How much is he affecting the defense? It's six games, so take it for what you will, but look at these on/off numbers. Without JaVale off the court, the Wizards are surrendering 118.5 points per 100 possessions. Opponents are shooting an effective field goal percentage of 56.5%, and the Wizards are grabbing only 67% of their defensive rebounds, which is a pretty mediocre mark. With JaVale on the court, the Wizards are surrendering 104.6 points per 100 possessions. The effective field goal percentage against is down to 50.8 percent, and the Wizards are grabbing an astounding 81 percent of defensive rebounds. The latter is the thing that's huge about JaVale. Not only does he grab defensive boards, but he makes it easier for the rest of the team to grab defensive boards. That's always been my biggest complaint against Etan's rebounding -- he grabs a lot, but he doesn't take up space to make it easier for everyone else. JaVale does.
This is all happening while JaVale is still making so many rookie mistakes. He's biting for pump fakes, flying out at three-point shooters and not rotating quickly enough a lot of the time. Even with all of that, he's making our defense so much better. Imagine what happens when he gets over those rookie mistakes.
To be fair, a large part of McGee's early success is that he's not Etan Thomas, Darius Songaila or Andray Blatche. Etan's an easy player to like because he tries hard, but he's just not getting it done. Peruse Etan's off/on numbers at your own peril, folks. He can't finish inside, he doesn't clear enough space defensively and his freelancing really hurts us. Again, he's a nice guy, but he's just not getting it done. Same with Songaila, but to the extreme. Darius just doesn't rebound at all, so we can't ever end defensive possessions. Blatche actually helps the defense a lot, but he's so pathetic offensively right now that it's not worth playing him at center. None of those three is going to cut it at center, so McGee gets the job basically by default.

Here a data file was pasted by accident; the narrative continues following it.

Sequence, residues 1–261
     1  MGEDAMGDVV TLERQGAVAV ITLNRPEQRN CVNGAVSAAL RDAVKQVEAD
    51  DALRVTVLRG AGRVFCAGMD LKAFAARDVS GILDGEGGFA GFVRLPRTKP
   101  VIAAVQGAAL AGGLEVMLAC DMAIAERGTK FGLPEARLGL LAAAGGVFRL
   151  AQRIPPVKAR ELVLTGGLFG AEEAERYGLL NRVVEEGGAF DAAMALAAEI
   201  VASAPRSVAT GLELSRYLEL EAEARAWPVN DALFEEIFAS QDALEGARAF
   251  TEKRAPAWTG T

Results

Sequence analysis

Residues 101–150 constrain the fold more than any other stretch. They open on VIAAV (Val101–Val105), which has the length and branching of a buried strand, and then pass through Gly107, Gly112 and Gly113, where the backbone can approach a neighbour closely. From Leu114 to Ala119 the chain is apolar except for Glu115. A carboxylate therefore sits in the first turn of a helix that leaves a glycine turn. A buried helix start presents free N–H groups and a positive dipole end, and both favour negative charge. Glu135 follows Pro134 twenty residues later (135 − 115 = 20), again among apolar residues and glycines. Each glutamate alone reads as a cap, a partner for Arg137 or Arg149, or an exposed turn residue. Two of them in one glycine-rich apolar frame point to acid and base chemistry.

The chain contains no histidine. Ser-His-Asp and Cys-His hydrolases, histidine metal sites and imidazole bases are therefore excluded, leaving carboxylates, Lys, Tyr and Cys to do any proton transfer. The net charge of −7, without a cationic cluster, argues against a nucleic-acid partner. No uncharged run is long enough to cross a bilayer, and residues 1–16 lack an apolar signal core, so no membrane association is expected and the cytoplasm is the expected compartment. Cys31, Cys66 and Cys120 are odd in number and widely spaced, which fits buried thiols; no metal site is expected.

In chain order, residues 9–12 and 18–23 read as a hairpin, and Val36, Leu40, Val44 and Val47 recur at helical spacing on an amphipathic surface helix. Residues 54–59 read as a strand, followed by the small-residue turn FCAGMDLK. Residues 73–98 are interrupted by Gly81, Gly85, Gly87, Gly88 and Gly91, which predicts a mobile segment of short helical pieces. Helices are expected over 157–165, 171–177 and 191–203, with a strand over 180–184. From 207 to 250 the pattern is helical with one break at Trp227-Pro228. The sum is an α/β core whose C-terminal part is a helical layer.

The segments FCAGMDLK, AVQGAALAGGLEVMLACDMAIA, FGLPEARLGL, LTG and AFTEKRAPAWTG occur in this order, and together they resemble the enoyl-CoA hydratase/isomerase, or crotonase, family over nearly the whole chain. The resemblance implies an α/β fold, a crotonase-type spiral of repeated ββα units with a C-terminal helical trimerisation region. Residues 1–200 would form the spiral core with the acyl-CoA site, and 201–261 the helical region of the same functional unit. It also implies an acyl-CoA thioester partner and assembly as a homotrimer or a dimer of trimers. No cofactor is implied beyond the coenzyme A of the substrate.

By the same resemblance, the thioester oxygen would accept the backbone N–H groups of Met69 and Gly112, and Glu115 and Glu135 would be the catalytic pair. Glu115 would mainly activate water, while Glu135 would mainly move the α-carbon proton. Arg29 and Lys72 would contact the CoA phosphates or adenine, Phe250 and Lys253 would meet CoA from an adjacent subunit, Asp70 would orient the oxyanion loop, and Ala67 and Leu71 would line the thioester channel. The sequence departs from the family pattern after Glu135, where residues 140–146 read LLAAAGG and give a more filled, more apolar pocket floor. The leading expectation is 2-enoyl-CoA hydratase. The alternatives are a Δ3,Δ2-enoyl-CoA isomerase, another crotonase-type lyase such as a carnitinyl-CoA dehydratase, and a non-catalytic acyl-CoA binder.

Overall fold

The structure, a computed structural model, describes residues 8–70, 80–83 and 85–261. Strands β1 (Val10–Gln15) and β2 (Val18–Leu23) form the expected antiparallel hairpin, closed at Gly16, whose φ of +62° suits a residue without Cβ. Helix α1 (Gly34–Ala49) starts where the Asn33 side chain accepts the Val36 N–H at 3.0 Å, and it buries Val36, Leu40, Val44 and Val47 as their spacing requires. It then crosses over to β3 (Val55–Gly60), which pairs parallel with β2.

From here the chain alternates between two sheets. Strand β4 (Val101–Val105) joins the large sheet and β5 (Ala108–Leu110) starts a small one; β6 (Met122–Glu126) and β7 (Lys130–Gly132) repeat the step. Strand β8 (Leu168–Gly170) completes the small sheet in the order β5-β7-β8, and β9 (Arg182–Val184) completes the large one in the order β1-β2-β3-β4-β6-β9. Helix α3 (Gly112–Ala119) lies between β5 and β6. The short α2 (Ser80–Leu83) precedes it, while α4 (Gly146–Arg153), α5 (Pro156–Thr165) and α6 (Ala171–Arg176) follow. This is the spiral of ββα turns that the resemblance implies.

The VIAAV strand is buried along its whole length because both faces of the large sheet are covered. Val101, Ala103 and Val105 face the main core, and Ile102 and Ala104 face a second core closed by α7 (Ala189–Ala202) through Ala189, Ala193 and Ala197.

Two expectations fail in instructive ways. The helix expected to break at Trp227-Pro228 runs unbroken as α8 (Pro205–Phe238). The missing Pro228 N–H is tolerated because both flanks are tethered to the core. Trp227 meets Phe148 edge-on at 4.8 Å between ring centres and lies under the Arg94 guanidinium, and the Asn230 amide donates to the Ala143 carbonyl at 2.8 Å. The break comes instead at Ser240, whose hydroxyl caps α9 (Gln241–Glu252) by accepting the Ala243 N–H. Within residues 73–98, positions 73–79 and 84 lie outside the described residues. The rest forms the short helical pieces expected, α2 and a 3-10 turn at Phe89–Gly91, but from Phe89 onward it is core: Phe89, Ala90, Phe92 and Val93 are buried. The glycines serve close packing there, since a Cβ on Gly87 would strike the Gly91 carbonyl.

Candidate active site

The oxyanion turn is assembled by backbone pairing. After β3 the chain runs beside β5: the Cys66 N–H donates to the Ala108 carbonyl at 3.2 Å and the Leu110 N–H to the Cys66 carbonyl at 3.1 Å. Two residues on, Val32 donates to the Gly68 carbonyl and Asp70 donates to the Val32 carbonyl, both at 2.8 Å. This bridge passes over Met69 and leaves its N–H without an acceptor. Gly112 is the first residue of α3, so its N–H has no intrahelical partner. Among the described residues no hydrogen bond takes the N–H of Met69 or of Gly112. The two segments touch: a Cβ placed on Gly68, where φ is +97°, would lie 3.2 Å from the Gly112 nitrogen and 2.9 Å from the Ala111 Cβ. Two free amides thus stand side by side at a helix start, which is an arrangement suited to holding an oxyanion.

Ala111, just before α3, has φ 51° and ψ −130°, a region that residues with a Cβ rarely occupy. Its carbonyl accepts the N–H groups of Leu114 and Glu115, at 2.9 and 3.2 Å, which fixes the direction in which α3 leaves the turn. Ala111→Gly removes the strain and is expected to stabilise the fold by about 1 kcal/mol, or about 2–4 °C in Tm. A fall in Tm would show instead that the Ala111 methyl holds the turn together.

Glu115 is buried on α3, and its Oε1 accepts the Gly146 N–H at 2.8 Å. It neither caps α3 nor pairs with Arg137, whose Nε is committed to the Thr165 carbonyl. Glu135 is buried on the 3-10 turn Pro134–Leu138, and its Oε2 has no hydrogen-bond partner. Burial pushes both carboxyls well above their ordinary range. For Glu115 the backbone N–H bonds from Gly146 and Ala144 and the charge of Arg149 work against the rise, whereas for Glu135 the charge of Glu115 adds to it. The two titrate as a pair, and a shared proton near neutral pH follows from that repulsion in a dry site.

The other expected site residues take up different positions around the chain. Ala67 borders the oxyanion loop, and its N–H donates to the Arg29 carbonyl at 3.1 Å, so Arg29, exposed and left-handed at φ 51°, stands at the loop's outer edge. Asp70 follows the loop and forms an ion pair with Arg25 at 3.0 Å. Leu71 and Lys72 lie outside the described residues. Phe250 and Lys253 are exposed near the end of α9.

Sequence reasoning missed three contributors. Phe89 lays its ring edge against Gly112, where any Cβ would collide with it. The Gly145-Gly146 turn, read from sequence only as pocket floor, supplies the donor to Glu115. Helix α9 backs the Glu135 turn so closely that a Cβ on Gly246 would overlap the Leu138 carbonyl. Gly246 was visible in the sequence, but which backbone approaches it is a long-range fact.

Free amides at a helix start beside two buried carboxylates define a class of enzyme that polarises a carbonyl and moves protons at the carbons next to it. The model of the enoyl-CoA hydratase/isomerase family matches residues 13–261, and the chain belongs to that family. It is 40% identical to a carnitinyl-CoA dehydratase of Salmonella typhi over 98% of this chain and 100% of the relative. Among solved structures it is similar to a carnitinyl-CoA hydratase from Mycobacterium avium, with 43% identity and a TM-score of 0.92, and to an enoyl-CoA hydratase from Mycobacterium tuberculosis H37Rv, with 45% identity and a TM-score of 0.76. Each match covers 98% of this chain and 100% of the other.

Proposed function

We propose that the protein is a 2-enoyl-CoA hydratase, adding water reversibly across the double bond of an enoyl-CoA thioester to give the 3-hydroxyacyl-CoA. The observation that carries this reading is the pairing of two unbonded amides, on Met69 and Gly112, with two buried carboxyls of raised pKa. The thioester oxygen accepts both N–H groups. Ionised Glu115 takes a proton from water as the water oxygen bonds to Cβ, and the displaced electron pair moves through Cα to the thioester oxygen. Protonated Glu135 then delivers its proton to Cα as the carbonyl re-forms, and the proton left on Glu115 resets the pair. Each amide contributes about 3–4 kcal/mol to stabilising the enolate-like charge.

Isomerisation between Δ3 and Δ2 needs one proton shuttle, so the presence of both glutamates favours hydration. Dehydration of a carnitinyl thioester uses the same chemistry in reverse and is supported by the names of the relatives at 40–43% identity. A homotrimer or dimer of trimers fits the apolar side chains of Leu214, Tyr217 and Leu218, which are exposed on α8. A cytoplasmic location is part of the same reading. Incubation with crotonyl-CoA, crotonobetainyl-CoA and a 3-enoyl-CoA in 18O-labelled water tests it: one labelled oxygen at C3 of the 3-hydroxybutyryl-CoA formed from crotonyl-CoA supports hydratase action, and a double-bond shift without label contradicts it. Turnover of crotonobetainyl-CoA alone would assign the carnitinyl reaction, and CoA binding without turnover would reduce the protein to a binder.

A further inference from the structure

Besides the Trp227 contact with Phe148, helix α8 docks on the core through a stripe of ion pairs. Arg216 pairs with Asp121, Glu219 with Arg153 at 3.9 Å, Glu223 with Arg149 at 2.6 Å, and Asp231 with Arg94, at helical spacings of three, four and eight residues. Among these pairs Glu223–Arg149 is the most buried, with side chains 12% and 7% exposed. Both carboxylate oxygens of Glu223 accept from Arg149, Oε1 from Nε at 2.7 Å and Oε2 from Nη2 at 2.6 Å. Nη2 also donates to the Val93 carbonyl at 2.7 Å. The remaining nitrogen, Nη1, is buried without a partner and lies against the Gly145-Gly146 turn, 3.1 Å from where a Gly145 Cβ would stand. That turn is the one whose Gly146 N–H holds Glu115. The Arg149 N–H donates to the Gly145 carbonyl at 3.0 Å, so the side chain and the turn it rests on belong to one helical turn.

I've noticed that many here are saying it makes more sense for McGee to bring his "energy" coming off the bench, but this is silly for many reasons. First off, we already have an energy spark off the bench and his name is Nick Young. But the thing is, while there's something to the "don't always start your best five guys" theory, that entails sitting only one of your top five. It doesn't mean sitting several of your best players to dominate the bench scoring. If you sit two of your top five, you'll find yourselves in big deficits that you inevitably have to overcome, which is exactly what's happened to us this year. There's no reason to spot ourselves a deficit just in the name of "energy" or "bench scoring."
The theory also works best when you actually have someone decent to play ahead of your better bench guy. The Celtics could bring Kevin McHale off the bench because Cedric Maxwell and Kevin Gamble were very good players. The Spurs could bring Manu Ginobili off the bench because they have Tony Parker and Tim Duncan. Etan Thomas isn't anywhere near that level, and Antawn Jamison and Caron Butler aren't Duncan and Parker.
Instead of arguing about JaVale vs. Etan, I think the bigger question is JaVale vs. a healthy Haywood. Brendan still has the edge, but if the kid keeps developing, re-signing Haywood after 2010 suddenly doesn't become a necessity. I can't believe I'm even speculating about that, but the kid's been that good so far.
So Eddie, please start JaVale. And Ernie, I'm ready to admit that I was wrong for doubting your selection.